A T-shirt, a Joint, And Much Embarassment

Sometime around 1984 or 5 I saw John play at a bar in Cambridge Massachusetts called Jonathan Swift’s. This was the first time I’d seen him since I moved to the US from England and it was great to see him play in such an intimate setting.

For the occasion I pulled out my old well kept Well Kept Secret tour shirt which I’d obtained a couple of years earlier from a roadie in Copenhagen during a stint as stage manager for San Francisco’s multi-media performance artists The Residents. The roadie was wearing the John Martyn shirt and eyeing my Residents “Eskimo” shirt. At the end of the night we negotiated via sign language to trade the now rather sweaty items.

During the Jonathan Swift’s gig John spotted the shirt from the stage between songs and said something like “Where d’ya get the shirt? Can’t get me one anywhere”. At the end of the show I stuck around as the place cleared and introduced myself to the stage-side bouncer as “the guy with the shirt”, which was enough to get me admitted backstage. It had been an incredible, luminous performance and I was, of course, totally thrilled to be getting to meet John. We chatted for a while before heading to the bar, where I produced a joint, which we shared. This probably explains why I don’t remember much of what we talked about. But I remember very clearly how the conversation ended.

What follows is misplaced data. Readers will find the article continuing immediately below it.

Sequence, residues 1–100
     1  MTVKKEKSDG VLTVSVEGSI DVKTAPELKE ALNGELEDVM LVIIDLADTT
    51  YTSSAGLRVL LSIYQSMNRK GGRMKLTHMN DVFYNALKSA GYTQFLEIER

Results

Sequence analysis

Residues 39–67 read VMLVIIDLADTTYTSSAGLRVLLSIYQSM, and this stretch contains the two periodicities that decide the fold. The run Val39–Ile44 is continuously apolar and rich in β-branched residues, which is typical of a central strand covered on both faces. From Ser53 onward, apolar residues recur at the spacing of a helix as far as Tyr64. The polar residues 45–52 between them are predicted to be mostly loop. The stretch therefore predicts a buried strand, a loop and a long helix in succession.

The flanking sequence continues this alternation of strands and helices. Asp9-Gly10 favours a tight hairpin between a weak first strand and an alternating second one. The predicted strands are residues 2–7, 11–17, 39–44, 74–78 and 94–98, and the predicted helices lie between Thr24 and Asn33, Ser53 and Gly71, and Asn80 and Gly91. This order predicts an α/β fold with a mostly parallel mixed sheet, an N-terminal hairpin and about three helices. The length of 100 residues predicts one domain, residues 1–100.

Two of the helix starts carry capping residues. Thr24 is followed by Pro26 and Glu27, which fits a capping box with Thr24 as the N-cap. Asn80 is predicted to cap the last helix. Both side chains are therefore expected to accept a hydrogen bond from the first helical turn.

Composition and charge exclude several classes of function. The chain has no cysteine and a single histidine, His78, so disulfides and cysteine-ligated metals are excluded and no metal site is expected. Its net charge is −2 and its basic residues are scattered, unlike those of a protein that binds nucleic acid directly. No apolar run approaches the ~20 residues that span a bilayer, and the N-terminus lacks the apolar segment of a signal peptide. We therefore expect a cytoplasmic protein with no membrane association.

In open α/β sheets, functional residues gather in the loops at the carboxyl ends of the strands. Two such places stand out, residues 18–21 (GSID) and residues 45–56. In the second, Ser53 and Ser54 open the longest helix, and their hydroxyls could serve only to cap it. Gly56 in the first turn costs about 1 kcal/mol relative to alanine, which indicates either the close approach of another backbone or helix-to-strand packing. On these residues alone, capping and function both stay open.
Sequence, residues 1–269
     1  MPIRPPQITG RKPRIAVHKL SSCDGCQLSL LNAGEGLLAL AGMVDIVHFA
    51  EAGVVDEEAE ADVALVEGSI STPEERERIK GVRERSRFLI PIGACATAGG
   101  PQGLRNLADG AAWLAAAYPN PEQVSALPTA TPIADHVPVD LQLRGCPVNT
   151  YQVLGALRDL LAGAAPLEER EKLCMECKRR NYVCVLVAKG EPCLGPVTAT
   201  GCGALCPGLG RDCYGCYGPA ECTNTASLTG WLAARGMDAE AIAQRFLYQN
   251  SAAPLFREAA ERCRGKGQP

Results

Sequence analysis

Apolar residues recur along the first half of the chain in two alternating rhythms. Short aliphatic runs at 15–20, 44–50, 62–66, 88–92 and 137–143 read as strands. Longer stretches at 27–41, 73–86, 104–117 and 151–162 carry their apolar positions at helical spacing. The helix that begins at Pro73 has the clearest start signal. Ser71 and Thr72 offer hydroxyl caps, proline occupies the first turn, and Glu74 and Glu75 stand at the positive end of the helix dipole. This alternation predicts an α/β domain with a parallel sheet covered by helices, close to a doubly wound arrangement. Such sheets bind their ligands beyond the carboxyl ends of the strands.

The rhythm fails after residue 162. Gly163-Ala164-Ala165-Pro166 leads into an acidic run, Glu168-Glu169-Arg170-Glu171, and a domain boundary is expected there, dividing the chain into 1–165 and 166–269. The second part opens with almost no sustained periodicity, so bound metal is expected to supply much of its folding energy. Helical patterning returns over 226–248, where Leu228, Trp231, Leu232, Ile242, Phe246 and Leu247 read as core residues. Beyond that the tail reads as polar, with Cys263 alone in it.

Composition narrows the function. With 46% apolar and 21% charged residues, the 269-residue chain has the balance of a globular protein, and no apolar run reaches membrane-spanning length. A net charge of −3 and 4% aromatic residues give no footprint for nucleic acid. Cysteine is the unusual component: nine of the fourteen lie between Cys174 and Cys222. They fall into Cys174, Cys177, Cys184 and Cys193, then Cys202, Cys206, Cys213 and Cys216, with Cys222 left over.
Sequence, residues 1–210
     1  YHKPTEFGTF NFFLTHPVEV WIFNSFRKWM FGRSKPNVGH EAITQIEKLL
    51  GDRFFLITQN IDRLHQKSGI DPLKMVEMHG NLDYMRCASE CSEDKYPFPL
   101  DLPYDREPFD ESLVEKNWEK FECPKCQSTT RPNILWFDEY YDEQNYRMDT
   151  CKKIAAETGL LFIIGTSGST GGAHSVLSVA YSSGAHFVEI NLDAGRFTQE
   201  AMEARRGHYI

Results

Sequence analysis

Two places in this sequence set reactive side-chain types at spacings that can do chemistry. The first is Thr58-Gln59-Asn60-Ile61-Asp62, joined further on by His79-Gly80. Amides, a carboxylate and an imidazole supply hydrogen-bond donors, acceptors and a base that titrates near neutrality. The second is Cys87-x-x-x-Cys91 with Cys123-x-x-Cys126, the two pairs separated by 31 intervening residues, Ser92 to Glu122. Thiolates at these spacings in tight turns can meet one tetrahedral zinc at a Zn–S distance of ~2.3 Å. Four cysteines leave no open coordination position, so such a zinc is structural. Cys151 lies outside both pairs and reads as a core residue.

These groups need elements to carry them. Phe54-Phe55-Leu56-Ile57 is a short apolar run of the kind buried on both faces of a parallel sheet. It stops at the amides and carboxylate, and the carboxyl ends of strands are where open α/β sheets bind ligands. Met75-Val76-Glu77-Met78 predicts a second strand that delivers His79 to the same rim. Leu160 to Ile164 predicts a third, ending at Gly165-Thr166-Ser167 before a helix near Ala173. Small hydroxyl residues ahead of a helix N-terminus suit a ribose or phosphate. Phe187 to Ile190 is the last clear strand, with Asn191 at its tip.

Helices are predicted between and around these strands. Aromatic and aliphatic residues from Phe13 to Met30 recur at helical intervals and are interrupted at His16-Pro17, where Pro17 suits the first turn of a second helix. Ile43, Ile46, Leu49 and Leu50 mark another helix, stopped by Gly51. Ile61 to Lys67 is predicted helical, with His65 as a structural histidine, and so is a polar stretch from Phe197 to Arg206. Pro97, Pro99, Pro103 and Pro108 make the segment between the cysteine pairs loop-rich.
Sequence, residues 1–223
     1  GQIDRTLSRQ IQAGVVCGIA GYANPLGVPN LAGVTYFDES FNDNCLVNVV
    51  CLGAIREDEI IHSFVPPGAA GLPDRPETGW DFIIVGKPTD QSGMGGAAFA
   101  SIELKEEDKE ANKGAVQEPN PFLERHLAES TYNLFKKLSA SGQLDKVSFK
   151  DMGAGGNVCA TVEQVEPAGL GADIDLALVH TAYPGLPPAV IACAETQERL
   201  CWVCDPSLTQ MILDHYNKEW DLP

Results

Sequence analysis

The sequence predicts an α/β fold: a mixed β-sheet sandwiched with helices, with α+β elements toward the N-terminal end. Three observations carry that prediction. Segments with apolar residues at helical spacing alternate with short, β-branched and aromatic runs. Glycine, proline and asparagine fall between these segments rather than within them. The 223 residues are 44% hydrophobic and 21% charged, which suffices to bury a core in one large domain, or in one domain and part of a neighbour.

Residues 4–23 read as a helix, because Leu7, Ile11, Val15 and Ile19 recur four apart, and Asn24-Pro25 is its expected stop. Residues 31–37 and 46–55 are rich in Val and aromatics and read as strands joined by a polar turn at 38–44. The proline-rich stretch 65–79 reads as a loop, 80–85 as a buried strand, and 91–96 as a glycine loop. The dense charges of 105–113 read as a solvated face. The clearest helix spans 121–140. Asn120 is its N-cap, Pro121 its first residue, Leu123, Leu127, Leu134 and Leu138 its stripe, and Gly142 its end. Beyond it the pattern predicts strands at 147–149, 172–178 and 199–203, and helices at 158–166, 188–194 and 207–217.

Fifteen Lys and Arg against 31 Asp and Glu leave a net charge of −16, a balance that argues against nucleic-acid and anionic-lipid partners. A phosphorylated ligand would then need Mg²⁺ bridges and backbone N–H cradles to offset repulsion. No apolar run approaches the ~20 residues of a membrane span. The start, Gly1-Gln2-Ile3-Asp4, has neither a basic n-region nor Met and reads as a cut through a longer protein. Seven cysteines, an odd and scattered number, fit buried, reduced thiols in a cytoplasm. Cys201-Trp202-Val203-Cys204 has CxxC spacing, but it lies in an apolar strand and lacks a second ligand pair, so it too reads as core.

I asked after his daughter. “She’s great.” he said, “She’s my toughest critic”. To which I responded, “Yeah, you need that”. What I meant was “Yeah, everyone needs that”, a bit of artist-to-artist banter, but to John it must have sounded like asshole-to-artist bullshit. He clearly took it personally and said something like “What do you mean? Who d’ya think you’re talk ing to”. Lately star-struck, quite stoned and now embarrassed, I stuttered something apologetic like “Oh, no….I mean…someone I’ve admired for years…. I…uh…” but I couldn’t find a way to salvage the situation. I was thinking, “Great, there’s so much I’d like to ask this guy. I’ll never get the chance again, and I just blew it”. I ended up making a speedy and embarrassed exit, kicking myself all the way home.

Laurence Campling